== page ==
2. TheMG42

    Call of Cthulhu (2018)

    Game would have to go on sale ($79.99 CAD as of this posting) for me to buy it. That being said, it'll definitely be on my "To play" list.
  3. TheMG42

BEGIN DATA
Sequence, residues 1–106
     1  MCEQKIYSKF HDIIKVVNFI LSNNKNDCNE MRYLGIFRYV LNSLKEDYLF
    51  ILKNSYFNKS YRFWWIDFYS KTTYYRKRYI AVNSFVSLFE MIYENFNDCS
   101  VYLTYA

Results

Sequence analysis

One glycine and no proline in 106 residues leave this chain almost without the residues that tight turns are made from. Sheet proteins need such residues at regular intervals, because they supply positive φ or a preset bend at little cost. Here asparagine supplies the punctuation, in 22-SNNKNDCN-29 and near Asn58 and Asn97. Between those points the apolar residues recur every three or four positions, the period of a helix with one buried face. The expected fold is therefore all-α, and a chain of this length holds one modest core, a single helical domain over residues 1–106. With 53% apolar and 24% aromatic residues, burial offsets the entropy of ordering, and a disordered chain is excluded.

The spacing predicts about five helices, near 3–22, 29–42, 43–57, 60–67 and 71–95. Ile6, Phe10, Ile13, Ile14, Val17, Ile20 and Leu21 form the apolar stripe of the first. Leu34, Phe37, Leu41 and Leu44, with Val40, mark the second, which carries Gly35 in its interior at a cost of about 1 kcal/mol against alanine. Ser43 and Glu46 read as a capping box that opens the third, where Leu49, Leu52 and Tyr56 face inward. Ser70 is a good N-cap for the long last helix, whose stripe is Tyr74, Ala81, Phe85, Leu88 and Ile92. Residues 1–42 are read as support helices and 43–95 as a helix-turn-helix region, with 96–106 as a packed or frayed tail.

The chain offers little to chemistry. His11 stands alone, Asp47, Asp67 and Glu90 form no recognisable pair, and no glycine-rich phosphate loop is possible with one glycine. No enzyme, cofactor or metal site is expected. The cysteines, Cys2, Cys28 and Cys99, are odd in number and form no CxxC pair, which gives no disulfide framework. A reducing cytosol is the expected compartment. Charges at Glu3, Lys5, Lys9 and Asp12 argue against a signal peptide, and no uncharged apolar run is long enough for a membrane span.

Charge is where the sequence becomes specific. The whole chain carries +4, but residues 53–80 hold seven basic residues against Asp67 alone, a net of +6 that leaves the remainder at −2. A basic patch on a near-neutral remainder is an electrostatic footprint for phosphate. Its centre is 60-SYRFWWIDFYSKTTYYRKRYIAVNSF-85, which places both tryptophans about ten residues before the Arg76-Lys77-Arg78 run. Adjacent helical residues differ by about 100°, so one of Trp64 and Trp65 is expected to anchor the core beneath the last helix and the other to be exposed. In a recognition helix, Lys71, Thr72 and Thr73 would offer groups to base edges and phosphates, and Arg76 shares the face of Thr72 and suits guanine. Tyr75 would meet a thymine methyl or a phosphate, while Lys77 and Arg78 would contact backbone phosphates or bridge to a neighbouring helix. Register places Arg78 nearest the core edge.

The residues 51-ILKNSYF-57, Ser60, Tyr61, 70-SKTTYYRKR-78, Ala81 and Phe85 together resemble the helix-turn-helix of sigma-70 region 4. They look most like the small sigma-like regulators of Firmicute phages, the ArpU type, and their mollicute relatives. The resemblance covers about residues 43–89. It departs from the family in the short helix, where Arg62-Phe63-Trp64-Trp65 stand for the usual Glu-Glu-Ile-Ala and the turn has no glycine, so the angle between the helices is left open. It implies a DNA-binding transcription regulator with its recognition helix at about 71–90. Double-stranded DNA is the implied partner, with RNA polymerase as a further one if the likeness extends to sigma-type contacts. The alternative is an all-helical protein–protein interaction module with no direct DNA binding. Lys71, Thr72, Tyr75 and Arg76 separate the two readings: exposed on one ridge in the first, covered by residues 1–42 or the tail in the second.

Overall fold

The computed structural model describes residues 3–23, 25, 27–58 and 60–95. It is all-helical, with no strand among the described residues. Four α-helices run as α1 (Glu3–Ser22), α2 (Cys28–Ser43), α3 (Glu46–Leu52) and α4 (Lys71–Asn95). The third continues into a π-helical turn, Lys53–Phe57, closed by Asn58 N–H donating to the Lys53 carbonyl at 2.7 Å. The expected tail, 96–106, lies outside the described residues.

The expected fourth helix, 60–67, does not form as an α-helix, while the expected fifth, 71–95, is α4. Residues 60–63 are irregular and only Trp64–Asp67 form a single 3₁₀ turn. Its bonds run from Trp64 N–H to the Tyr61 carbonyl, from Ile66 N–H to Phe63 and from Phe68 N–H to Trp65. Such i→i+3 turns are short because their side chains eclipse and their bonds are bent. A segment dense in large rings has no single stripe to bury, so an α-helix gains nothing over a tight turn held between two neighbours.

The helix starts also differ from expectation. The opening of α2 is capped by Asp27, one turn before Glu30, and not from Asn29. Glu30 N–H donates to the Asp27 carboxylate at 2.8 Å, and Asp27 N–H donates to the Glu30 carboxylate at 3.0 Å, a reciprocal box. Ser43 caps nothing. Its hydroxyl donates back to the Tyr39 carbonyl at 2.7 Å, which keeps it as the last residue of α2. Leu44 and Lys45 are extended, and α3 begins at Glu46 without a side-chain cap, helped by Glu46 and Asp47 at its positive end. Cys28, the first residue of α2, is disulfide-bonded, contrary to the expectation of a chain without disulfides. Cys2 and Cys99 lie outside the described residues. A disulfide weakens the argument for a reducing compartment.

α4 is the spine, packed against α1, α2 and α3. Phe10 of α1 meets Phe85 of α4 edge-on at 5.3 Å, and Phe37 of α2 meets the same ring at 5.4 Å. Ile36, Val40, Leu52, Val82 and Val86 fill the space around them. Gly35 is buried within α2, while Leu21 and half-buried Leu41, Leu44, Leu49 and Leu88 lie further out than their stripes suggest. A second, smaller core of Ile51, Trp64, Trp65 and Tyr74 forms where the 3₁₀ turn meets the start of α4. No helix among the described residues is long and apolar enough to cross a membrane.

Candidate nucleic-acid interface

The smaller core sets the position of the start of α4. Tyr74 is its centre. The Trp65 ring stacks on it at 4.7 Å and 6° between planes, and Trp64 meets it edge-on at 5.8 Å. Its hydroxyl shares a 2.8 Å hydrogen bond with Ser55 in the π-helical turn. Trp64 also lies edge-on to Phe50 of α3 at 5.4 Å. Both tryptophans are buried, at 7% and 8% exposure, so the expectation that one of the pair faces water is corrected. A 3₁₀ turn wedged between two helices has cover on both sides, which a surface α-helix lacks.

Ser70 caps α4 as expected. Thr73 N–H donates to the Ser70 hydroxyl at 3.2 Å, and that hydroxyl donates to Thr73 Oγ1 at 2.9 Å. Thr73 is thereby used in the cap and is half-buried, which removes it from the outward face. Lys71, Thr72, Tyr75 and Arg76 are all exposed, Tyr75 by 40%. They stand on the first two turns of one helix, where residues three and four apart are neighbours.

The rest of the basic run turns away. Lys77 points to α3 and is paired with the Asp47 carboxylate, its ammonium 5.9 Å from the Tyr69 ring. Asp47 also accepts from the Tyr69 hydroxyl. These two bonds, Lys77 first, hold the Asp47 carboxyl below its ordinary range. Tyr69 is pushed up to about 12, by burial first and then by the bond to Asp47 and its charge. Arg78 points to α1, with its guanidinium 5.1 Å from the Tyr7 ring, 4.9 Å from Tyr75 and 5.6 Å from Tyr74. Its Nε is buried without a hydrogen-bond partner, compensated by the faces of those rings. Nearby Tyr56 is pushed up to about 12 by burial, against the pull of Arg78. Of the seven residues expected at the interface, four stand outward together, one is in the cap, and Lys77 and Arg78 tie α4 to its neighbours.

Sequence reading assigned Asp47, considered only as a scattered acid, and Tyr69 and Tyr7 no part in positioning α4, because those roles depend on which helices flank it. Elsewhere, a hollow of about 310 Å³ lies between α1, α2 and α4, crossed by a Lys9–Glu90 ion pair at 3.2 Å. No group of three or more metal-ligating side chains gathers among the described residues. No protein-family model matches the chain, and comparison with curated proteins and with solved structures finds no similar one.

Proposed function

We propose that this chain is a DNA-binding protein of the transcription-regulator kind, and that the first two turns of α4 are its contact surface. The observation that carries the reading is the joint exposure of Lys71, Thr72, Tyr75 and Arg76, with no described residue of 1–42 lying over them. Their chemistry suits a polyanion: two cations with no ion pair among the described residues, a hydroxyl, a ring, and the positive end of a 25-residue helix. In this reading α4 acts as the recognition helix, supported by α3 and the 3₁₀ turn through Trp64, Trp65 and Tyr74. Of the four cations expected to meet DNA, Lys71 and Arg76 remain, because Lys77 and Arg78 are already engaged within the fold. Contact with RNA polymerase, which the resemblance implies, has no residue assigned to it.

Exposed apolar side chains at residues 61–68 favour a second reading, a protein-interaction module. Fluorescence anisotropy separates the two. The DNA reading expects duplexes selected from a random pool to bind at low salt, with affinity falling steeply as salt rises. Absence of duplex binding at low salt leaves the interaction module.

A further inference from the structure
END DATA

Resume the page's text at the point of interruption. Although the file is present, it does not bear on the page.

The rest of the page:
Hands down, I absolutely love this game. I'm not really a huge fan of 2D or "2.5D" style, side-scrolling games, but this game did a lot to change my mind towards appreciating this particular style of game. The art direction is fantastic. It does a fine job of striking a balance between dark and eerie as well as cartoony and stylized. Characters that are illustrated to look as if they belong in a Saturday morning kids cartoon (in reference to the in-game "photos") in contrast with a dark, creepy and uneasy environment just seems to work so well, at least for me. The texturing and lighting in this game does a great job of giving the environment some depth of field, even though it's a "2.5D" game and it really adds to the creepy atmosphere of the game. The story is equal parts awesome and creepy. The occult and supernatural elements are well done (the tuning your radio bits were a nice touch), it made me wish the game went even deeper with these themes. The twist at the end of the story has a nice, subtle impact, enough for an "Oh poop..." moment. Gameplay is rather minimal and there is a lot of walking, with no real sprint function but I was able to overlook that since the story was so well done. I imagine there is some replay value, given the multiple dialogue options and there is a "New Game Plus" option which apparently offers another dialogue option and a different ending. Although past that, I suspect you'll be playing through more-or-less the same scenarios. The teen drama stuff didn't really bother me that much. I didn't feel that it was overdone or that the game put too much of an emphasis on it. I mean, the characters ARE teenagers, so I guess that sort of stuff is to be expected. I managed my expectations on this front. The music is phenomenal, no complaints there. Overall rating: Fantastic.